business

The state's largest utility needs to come up with more power before the end of 2016.

And it needs to find even more by the end of 2019 to meet the demands of Louisiana's ongoing industrial boom.

That likely means building power plants for about $1 billion a piece. The 1 million customers of Entergy’s Louisiana companies will be expected to pay.

The Advocate reports Entergy is spending a couple of billion dollars over the next few years to move huge amounts of electricity to where the new manufacturing facilities will be located.

Cheryl DalPozzal / It's New Orleans

When we get up and go to work each day, most of us assume that everyone else going to work is a decent person like ourselves. Even if we have competitors, our basic assumption is that they’re okay people — after all, they’re doing the same thing we are.

That’s not what going to work is like for Peter's guests on today’s Out to Lunch. For both of them, their daily occupation is all about bad or misguided people.

Make cookies and cakes at home and you can sell them without a health inspection of your kitchen. Ahead of this season, cane syrup was added to the list of foods Louisiana deems “low-risk”.

Cheryl DalPozzal / It's New Orleans

When it comes to business, we all agree on one thing: we all want to succeed. Typically we measure success numerically — the more profit we make, the better we're doing. Sure, we'd all like to make billions, but the reality is most of us are not going to turn our businesses into Facebook or Apple. For many people in business, just keeping the doors open and the lights on is succeeding.

Peter Ricchiuti's guests on Out to Lunch take whatever your definition of success is — whether it's making a fortune or just making it 'till Friday — and help you get there.

Cheryl DalPozzal / It's New Orleans

Everybody likes to think they're important, but here in Louisiana we really are. Two sectors of our local economy are major components of the national, and global, economy: oil and gas, and renewable energy.

Outside of the oil companies who physically drill for oil, there is a huge industry of companies who do everything else — from building oil rigs to delivering groceries to the men and women who work on them.

One of the biggest offshore support companies in the world is headquartered here in New Orleans. Tidewater.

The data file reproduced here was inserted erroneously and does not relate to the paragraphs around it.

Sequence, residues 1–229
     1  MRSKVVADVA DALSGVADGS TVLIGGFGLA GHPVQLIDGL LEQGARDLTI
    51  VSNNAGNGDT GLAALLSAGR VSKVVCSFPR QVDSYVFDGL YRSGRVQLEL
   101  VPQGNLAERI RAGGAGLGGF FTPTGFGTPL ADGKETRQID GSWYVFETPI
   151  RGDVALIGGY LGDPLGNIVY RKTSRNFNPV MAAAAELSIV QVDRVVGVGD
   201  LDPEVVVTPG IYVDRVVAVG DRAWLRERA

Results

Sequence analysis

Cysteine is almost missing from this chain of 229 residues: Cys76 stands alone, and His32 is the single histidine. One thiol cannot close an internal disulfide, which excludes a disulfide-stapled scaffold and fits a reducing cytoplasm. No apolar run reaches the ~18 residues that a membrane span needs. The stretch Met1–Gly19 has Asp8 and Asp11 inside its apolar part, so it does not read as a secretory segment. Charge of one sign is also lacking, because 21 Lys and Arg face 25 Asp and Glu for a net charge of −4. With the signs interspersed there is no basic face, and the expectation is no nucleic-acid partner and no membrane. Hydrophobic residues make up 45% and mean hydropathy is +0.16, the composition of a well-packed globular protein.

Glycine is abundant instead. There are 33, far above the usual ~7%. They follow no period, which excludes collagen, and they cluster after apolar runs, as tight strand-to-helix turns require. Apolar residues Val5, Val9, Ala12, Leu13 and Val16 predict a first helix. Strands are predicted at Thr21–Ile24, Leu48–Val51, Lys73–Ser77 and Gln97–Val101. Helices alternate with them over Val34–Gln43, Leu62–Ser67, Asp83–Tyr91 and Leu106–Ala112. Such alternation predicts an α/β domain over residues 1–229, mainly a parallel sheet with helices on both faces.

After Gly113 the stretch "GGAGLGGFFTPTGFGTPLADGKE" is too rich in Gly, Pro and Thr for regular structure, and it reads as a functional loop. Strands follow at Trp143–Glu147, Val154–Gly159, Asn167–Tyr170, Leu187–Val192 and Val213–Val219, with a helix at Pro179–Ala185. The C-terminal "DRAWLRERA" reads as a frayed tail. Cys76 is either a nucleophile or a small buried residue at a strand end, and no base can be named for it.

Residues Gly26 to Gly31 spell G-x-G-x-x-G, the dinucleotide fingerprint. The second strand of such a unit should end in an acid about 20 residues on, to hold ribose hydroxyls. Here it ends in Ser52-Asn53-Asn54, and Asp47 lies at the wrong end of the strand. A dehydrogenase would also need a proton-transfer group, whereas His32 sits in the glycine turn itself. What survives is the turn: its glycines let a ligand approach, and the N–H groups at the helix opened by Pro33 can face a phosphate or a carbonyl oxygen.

Coastal experts met on Louisiana’s Avery Island yesterday to discuss the potential of private investment money to help restore and sustain the Gulf Coast. 

The meeting included representatives of federal and state agencies, universities, investment banking institutions, and non-profits.

The focus was a new report from America's WETLAND Foundation.

That organization is advocating the creation of an ecological marketplace for private investors looking to finance environmental projects.

Coolcaesar / Wikimedia

Enticed to Louisiana by the state's generous tax incentives, a Chicago-based video game developer is opening a studio in the Central Business District next month.

High Voltage Software has had a hand in developing some classic video game titles — like Mortal Kombat, Toy Story, and Captain America.

The firm will lease a suite at Place St. Charles starting next month. Eventually, they plan to employ 80 people at annual salaries ranging from $50,000 to $120,000.

Textron Systems / Textron

Textron Systems New Orleans held a ceremony on Monday to mark the start of production of the Navy's newest hovercraft: a landing craft designed to haul vehicles, heavy equipment, and supplies over water and beaches.

Paula Burch-Celentano / Tulane University

Tulane University's Burkenroad Reports, a program giving business students practical stock analysis experience, won the top award for best teaching delivery in the Wharton QS Stars Awards.

Peter Ricchiuti, Burkenroad Reports founder and director (and host of WWNO's Out to Lunch) says he's honored by the recognition.

Brian Streeter

At one point in their lives, each of our guests had to choose whether or not they would inherit a family business. The answer didn't always come quickly, and most of them had to change the business to make it their own, but each decided to carry their family's tradition to the next generation.

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